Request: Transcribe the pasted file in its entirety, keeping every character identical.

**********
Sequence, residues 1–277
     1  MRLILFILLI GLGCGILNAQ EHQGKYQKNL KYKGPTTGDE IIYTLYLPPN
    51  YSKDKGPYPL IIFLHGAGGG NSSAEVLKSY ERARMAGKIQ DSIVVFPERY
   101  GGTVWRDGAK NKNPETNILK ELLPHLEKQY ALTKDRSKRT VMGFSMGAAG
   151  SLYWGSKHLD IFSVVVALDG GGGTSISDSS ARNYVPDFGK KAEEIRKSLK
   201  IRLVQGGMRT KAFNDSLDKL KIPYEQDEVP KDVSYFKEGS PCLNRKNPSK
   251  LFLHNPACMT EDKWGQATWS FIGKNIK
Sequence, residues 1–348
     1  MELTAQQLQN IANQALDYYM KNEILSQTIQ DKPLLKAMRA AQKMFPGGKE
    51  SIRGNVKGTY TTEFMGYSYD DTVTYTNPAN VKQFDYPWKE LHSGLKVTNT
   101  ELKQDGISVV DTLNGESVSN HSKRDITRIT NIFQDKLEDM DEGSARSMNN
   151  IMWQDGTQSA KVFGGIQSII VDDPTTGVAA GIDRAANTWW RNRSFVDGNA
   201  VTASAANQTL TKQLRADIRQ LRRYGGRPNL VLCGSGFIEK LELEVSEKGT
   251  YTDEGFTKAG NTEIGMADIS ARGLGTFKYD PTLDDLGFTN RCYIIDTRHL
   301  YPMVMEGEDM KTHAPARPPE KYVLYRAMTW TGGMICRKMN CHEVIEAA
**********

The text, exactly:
Sequence, residues 1–277
     1  MRLILFILLI GLGCGILNAQ EHQGKYQKNL KYKGPTTGDE IIYTLYLPPN
    51  YSKDKGPYPL IIFLHGAGGG NSSAEVLKSY ERARMAGKIQ DSIVVFPERY
   101  GGTVWRDGAK NKNPETNILK ELLPHLEKQY ALTKDRSKRT VMGFSMGAAG
   151  SLYWGSKHLD IFSVVVALDG GGGTSISDSS ARNYVPDFGK KAEEIRKSLK
   201  IRLVQGGMRT KAFNDSLDKL KIPYEQDEVP KDVSYFKEGS PCLNRKNPSK
   251  LFLHNPACMT EDKWGQATWS FIGKNIK
Sequence, residues 1–348
     1  MELTAQQLQN IANQALDYYM KNEILSQTIQ DKPLLKAMRA AQKMFPGGKE
    51  SIRGNVKGTY TTEFMGYSYD DTVTYTNPAN VKQFDYPWKE LHSGLKVTNT
   101  ELKQDGISVV DTLNGESVSN HSKRDITRIT NIFQDKLEDM DEGSARSMNN
   151  IMWQDGTQSA KVFGGIQSII VDDPTTGVAA GIDRAANTWW RNRSFVDGNA
   201  VTASAANQTL TKQLRADIRQ LRRYGGRPNL VLCGSGFIEK LELEVSEKGT
   251  YTDEGFTKAG NTEIGMADIS ARGLGTFKYD PTLDDLGFTN RCYIIDTRHL
   301  YPMVMEGEDM KTHAPARPPE KYVLYRAMTW TGGMICRKMN CHEVIEAA